On 29 and 30 March 2014, an additional 29 clinical experts in breast cancer care, together with the Clinical Advisory Committee (for a total of 44 participants), attended a 2-day meeting to answer the 69 questions that had been formulated. That group represented 11 different specialties: oncology (n = 1), public health (n = 4), general practice (n = 8), nursing (n = 2), radiology (n = 7), gynecology (n = 2), surgery (n = 7), breast cancer research (n = 1), genetic counselling (n = 5), medical genetics (n = 5), and pathology (n = 2). After a brief overview of the project, the experts answered the 69 questions using an electronic audience response system (anonymous voting). The results obtained after each question were presented to all the experts in a chart format to evaluate the consensus rate. When a consensual position (≥80% of voter agreement) could not be inferred from the initial vote, a discussion ensued, and a new vote was taken when appropriate. In some cases, questions and answers were modified at the request of the experts to propose an alternative consensus. All discussions were audio- recorded. On site, 3 additional questions were drafted to complement the topics that were presented.

After the meeting, results of the voting and audio records of the meeting were analyzed to identify consensus areas. A consensus was considered reached when agreement exceeded 80%. No question created irreconcilable differences after the vote, and the abstention rate was negligible. After the meeting, 2 complementary questions were sent by e-mail, using the SurveyMonkey platform (Palo Alto, CA, U.S.A.), to all 44 experts. A preliminary version of the recommendations was drafted based on the topics that had garnered consensus; it was reviewed by the Clinical Advisory Committee in conjunction with pie charts of all the vote results. An updated version was sent for validation to all 44 experts who attended the consensus meeting. Minor modifications followed. Lastly, the Clinical Advisory Committee approved the final version of the recommendations in December 2014 (Table i), supported by background literature (see the online supplementary material). All work related to the development of the recommendations occurred in French, and the final version was translated into English.

TABLE I Recommendations of the Clinical Advisory Committee


 

RESULTS

A consensus with 80% or more voter agreement was obtained for 32 questions, with each question leading to the development of one or more recommendations reflecting the clear consensus obtained. For questions on which the level of agreement was lower (<80%), recommendations accommodating opposing views and reflecting a “common denominator” on the issue were developed. Overall, 50 recommendations were developed from the answers and discussions recorded at the consensus meeting and were accepted by the Clinical Advisory Committee (Table i).

An updated decision aid for health professionals that summarizes the recommendations was also validated by the Clinical Advisory Committee (Figure 2). Recommendation topics included referral to genetics clinics and breast disease clinics, breast density, screening of women at high and intermediate risk, role of tomosynthesis in screening, clinical breast examination, screening of women with breast implants, preventive lifestyle, chemoprevention, and preventive surgery. Imaging technologies (choice and timing) and clinical breast examinations were the topics that elicited the most controversy and were the most-debated issues.

 


 

FIGURE 2 Decision aid for breast cancer risk stratification. The percentages used here are approximate; they were used to facilitate discussions between experts during the development of the PERSPECTIVE recommendations. The exact percentages will be finalized after completion of the comprehensive cost–benefit analyses currently underway in the context of the interdisciplinary PERSPECTIVE project (http://www.genomecanada.ca/medias/pdf/en/Simard.pdf). “Lifetime risk” represents risk from age 20.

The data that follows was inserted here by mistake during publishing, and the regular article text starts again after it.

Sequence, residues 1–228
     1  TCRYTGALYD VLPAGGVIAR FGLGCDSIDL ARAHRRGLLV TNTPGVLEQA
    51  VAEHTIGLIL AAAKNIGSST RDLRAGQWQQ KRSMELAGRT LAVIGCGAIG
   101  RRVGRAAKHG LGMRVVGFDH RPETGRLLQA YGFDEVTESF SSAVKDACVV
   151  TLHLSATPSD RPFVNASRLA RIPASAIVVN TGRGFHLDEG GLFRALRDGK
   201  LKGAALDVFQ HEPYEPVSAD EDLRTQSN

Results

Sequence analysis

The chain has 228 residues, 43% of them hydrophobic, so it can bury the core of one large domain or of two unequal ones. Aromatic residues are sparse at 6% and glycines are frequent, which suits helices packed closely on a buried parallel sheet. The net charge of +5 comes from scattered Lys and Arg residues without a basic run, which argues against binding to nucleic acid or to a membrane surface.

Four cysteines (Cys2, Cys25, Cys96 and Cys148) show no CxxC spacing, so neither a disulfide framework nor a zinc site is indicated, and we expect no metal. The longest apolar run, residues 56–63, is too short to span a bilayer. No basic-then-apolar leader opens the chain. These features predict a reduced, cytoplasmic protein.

a For these carriers, refer to other applicable recommendations.
bhttp://ccge.medschl.cam.ac.uk/boadicea.

Summary: Key Recommendations

The first important recommendation concerns the collection of breast density data as an important factor for determining disease risk. Participants in the meeting expressed interest in including breast density in the assessment of breast cancer risk and its effect on the detection of breast cancer.

It is well known that dense breasts confer an increased risk of breast cancer52 and reduce the sensitivity of mammography53,54. There is currently strong interest in using breast density to optimize cancer screening. In Ontario, the breast cancer screening program automatically invites women with more than 75% dense tissue to more frequent mammography screenings32. In the United States, approximately 20 states have enacted laws that require women to be informed when their mammogram shows denser breasts55. For example, in the state of California, women showing more than 50% dense tissue in a mammogram must be informed of that observation through a written report56.

Breast density is a parameter that will be used by boad-icea to evaluate the level of risk, and it is assessed by mammography. However, the Clinical Advisory Committee did not recommend that women have a mammogram solely for the purpose of evaluating breast density. Concerns about risks such as radiation or unnecessary biopsies because of false positives were considered potentially more important than the benefit expected from the breast density scores. The recommendations do require, however, that breast density be systematically evaluated when a mammogram is conducted and be documented in the clinical report.

Second, core recommendations focus on screening for women at both the intermediate-risk and high-risk levels:

  • Intermediate risk

    Annual or biennial mammography is recommended starting at age 40. Women with breast density exceeding 75% should undergo annual mammography, and ultrasonography should also be considered as a complement. Chemoprevention is not recommended for women in this group, with the exception of women having atypical hyperplasia or lobular neoplasia.